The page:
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This theory of Islamic development was put forward by anthropologist Clifford Geertz in the 1950’s and 60’s.

He based his observations on a study of the town of ‘Modjukuto’ (which actually means ‘middle town’, and was devised as a way of protecting the privacy of those studied ) in a rural area of Java. Here, he described three types of Islam; ‘Santri’, ‘Abangan’, and ‘Priyayi’.

The abangan people are those greatly influenced by the traditional Javanese animist religions, they have combined their ancient rituals and beliefs with that of Islam. The santri place far more emphasis on the Islamic doctrines and their interpretation. Santri are interested in the social interpretation and view the scriptures as a way of life, and as a source of values and morals. Abangan perform many rituals, primarily concerned with their household and village. The santri place less emphasis on rituals, but still adhere strictly to prayer five times a day. Another important distinction is that the santri tradition has a far greater sense of the Islamic community, or ummah, but for the abangan the primary focus is on the household and family.

Priyayi was the term used to describe those Indonesians who were most closely associated with the Hindu traditions, and who styled their own form of Islam on this basis.

Why is this important to international relations today? Because it is this conflict between the two types of Islam which has partly caused the resurgence we are facing in Islamic fundamentalism.

Some followers of 'santri' Islam feel that they have been suppressed and subjugated through colonisation and Western values. To make up for this 'santri' Islam has promoted itself as a pure strain of the religion, and focuses on returning to the 'state of paradise', believed to have been during the time that the prophet lived (thousands of years ago).

Fundamentalism can therefore be seen as a response to the failure of Western ethics and capitalism to succeed in delivering benefits to the third world (much of which is Muslim). When we finally lose the last of the syncretic 'abangan' Islam, we may be faced with a polarised Islam vs Christianity situation.

Although this theory is only one component of the many which currently describe modern fundamentalism, it is one of the most simple and yet present problems which are most difficult to solve.

Not everything in this world and the next is centered on the West. :-) We of the West would like to think so, however the Indonesian condition is based on far more complex issues of interpersonal identity, and the formation of a stable and coherent social framework capable of satisfying on the one hand an intrinsic urge to religiosity present within the Indonesian culture from it's very earliest beginnings, while integrating the various social and cultural traditions in a way that is both uniquely Indonesian, modern and flexible, while at the same time without the negative drawbacks on can so readily perceive of the West from the view of cultures native to the Far East.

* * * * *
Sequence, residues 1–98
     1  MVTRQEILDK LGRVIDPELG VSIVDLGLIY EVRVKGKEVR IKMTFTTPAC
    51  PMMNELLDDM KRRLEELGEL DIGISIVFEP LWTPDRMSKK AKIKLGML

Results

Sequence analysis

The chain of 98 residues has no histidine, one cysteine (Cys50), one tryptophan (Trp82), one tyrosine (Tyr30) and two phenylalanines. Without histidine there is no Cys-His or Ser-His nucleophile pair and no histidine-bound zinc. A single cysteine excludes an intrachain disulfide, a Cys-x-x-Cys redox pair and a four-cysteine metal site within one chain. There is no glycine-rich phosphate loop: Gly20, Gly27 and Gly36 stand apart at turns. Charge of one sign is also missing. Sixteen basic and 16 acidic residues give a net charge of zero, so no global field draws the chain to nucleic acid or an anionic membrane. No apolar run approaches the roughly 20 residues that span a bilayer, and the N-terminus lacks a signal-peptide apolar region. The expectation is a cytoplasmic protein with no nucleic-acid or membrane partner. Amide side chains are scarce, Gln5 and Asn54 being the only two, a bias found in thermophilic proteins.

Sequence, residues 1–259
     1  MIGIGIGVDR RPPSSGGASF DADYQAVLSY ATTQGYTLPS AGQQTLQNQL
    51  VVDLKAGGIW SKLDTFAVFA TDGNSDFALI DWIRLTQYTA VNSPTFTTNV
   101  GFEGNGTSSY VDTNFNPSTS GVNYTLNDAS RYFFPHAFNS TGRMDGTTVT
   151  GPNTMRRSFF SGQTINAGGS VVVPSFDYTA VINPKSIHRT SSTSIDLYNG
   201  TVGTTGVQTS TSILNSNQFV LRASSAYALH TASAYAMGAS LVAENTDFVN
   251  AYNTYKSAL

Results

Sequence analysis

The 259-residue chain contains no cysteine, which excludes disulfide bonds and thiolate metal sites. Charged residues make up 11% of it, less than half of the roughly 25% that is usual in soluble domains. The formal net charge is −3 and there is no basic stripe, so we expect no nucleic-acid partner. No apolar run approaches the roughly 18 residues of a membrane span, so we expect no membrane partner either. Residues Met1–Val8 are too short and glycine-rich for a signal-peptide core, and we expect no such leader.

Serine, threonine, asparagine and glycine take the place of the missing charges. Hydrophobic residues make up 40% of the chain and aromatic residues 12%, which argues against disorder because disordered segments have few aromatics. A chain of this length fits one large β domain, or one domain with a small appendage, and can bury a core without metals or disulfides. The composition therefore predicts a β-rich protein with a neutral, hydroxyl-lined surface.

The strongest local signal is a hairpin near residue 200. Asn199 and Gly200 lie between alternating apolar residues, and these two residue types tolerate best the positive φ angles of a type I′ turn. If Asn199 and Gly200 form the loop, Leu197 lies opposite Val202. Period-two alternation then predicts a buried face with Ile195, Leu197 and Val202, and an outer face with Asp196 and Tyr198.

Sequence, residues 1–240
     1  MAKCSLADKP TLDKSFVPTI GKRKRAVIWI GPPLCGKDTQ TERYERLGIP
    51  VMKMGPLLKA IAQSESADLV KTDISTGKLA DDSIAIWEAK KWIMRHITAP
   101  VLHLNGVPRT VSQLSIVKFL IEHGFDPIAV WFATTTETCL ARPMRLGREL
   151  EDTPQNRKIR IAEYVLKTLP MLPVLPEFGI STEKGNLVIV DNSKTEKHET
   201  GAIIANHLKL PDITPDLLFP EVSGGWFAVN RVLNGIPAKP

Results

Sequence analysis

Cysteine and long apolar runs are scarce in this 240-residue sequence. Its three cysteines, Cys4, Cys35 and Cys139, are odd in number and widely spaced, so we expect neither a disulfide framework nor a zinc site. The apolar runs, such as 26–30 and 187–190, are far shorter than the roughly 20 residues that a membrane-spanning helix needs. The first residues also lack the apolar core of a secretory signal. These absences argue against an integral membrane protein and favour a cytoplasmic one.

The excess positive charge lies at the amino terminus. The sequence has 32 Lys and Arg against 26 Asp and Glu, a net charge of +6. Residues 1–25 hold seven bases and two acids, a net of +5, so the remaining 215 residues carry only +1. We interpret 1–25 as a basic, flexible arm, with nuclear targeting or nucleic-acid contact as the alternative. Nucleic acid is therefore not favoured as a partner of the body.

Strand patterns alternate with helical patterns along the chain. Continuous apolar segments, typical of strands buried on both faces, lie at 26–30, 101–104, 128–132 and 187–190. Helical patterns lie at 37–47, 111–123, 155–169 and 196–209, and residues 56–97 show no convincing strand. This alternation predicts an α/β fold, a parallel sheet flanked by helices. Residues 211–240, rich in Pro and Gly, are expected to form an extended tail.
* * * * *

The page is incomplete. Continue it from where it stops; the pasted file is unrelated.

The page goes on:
To say that the adoption of 'Islamic Fundamentalism' in Indonesia is a response to the West's failure to deliver presupposes that the entire valueset of the Indonesian archipelago is based entirely on the whims of the West. Such a ridiculous statement can and should be rejected as any cursory reading of the history and culture (1) of the region shows otherwise.

At many times during Indonesia's long and often bitter struggle for independance from colonialism there have been communal insurgent tendencies. First you had the wars against the portugese, then the dutch, then the british, then the dutch, and then the dutch, and then more dutch, and now finally many years on, it's not the dutch or or the political colonialism they're fighting it's capitalism, greed, and perhaps most notably, globalization.

These are not nice words. Capitalism and greed are what killed their ancestors, enslaved them, and subjected them to brutality. Deeply ingrained in the Indonesian national consciousness are the signs of these things repeating, and the equally deeply rooted need to fight them.

The colonialism may now be economic, but the effects are much the same: blinding poverty, a draining of the national wealth, a corresponding brain drain, political isolation, exploitation, and foreign troops on their soil. The indonesians are not stupid and Geertz is either wrong or naive not to see that Islamic Fundamentalism represents the strongest and most resilient system of personal and social organisation which is most likely to resist the negative impacts of globalisation while providing a unifying banner. And of course it's going to upset the oppressors and those who write for them. That's kind of the point.

In a country with 99% muslim population which happens to be the largest Islamic country on the planet, it would be odd for it's people not to find it comforting to go back to basics. Regardless of what people across the sea may, or may not be doing.

(1) Source : Soetjipto, H., Karamoy, W. A., Wuryani, M. S., et al., "INDONESIA 1995 : AN OFFICIAL HANDBOOK", Department of Information, Directorate of Foreign Information Services, Perum Percetakan Negara RI, 1994.

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